I came across one very good library for parsing CUE files. But when I started to read its source code, I realized that it is almost unreadable:

public void setParent(final CueSheet parent) {
    FileData.logger.entering(FileData.class.getCanonicalName(), "setParent(CueSheet)", parent);
    this.parent = parent;
    FileData.logger.exiting(FileData.class.getCanonicalName(), "setParent(CueSheet)");

every method has logger.entering() and logger.exiting() messages. Isn't that too much?

There's another java library for parsing audio tags. It also had like 15 log messages for each file it read. It was annoying so I commented out every call to logger. And the library became twice as fast, because they used a lot of string concatenation for log messages.

So the question is: should I really log everything, even if it is not large enterprise application? Because these libraries obviously don't need any logging, except for error messages. And my experience shows that loggers are terrible tool for debugging. Why should I use it?

  • 3
    Logging is an awesome tool for debugging! It's an essential tool when you need to solve a problem which you can't reproduce easily (or perhaps at all.) Not all problems happen at well defined "error" points where you can log the fact that something went wrong, along with all the details. Sometimes problems happen in unexpected places, so you don't have error handling code to log all the details; or they're the result of inconsistent state and things just don't work quite right. Examples of domains where this can be important in my experience: telephony system integration, email processing. Oct 17, 2009 at 2:52
  • Or when you're dealing with a large, distributed system. If you didn't have logs with timestamps, how would you track an error across physical systems?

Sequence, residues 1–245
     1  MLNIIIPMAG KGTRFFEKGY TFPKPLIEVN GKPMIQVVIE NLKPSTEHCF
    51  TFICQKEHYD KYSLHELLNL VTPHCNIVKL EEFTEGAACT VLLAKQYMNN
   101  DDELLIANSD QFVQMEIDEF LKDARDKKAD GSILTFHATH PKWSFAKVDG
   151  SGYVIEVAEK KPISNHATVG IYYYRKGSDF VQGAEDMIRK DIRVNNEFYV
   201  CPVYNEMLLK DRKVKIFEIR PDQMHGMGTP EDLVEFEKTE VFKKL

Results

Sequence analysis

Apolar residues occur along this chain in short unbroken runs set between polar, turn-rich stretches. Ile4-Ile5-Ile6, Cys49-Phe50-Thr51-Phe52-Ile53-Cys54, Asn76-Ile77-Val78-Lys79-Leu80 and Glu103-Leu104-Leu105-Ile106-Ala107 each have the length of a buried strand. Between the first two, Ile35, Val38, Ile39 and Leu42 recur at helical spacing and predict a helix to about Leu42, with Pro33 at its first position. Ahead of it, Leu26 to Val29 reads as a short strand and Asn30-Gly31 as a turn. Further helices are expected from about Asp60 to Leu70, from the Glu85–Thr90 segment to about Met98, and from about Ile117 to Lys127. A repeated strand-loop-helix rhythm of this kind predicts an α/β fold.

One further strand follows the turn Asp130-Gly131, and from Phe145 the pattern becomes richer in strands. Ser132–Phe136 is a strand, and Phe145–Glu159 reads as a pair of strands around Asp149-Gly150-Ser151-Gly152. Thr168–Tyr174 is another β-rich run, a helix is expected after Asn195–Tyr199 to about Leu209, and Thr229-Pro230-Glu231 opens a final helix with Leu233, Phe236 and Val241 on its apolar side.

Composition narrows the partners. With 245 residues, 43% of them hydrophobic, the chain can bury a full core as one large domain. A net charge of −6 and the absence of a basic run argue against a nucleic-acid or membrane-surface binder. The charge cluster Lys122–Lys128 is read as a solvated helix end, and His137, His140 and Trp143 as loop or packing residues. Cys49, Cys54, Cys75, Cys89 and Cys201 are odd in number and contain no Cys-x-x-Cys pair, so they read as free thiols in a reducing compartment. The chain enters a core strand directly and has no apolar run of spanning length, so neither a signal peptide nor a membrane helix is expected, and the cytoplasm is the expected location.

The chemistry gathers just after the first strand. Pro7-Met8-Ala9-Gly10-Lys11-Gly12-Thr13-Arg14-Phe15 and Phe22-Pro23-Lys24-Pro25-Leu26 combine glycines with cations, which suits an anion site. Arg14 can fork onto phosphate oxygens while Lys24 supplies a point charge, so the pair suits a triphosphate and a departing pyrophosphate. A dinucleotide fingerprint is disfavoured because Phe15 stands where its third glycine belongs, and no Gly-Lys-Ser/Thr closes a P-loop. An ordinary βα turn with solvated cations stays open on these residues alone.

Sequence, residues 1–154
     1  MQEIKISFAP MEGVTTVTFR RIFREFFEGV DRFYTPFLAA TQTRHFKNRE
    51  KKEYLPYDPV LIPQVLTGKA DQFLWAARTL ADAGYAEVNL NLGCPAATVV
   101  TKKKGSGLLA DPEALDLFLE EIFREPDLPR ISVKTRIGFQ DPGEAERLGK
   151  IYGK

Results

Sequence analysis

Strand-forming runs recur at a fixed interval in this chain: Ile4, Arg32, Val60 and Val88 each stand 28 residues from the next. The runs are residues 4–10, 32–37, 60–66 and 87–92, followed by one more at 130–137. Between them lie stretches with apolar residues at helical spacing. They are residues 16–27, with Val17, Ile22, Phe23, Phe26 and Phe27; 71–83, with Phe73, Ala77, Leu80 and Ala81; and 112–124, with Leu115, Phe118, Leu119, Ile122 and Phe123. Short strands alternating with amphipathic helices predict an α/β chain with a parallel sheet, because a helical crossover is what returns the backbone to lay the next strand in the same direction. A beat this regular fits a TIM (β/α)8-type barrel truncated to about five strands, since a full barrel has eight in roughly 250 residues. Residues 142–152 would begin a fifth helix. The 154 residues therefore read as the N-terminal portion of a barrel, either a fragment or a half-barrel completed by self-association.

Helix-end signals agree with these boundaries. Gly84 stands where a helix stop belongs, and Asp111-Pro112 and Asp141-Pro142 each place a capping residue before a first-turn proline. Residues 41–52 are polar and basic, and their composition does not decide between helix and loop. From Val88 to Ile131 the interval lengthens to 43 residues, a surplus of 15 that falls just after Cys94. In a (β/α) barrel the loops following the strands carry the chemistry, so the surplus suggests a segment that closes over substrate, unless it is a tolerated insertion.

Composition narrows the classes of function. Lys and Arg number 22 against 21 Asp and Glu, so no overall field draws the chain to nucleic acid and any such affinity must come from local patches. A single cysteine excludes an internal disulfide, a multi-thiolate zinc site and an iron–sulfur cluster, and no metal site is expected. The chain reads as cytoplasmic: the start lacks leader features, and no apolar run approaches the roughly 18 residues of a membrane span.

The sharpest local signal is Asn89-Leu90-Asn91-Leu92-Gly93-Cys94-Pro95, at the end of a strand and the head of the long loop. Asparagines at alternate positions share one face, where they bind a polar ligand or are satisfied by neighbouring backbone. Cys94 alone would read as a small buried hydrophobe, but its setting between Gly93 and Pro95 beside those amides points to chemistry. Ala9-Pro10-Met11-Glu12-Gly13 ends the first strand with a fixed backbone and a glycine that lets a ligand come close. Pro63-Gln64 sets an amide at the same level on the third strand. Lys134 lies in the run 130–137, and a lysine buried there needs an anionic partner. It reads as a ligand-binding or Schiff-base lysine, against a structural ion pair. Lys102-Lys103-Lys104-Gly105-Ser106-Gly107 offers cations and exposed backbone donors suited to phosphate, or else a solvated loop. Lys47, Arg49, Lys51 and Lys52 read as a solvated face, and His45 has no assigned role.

– avgvstvs
    Oct 14, 2011 at 11:04

9 Answers 9


How to know when is too much logging? When you know that the logged information isn't important in the long term, such as for straightforward debug actions or bug correction, or for when the application doesn't deal with too much important information.

Sometimes you need to log almost everything. Is performance or full possibility of analysis the most important part of an application? It really depends.

I've worked in the past with some integration with a lot of different webservices, like 10 in a same app. We logged all xml requests and responses. Is this an overhead? In the long term, I don't think so because we worked with a lot of credit card operations and should have every process made with the server logged. How to know what happened when there was a bug?

You wouldn't believe what I've seen in some of the xml responses. I've even received a xml without closing tags, from a BIG airplane company. Were the "excessive logs" a bad practice? Say that to your clients when you have to prove that the error came from the other vendor.


Ideally, you use a logger that allows logging levels; log4j has fatal/error/warn/debug/info, for example. That way, if you set the level to "only show errors", you don't lose speed to the software building log messages you didn't need.

That said, it's only too much logging until you wind up needing something that would have been logged. It sounds like most of the logging that's slowing you down should be "trace" level, though; it's showing you what a profiler would have.

  • Ok, for example you have something like this: logger.info("Checking from start:" + newAudioHeader). And you have thousand calls to this line. Even if you disable info messages, the String will be created anyways. Oct 16, 2009 at 19:29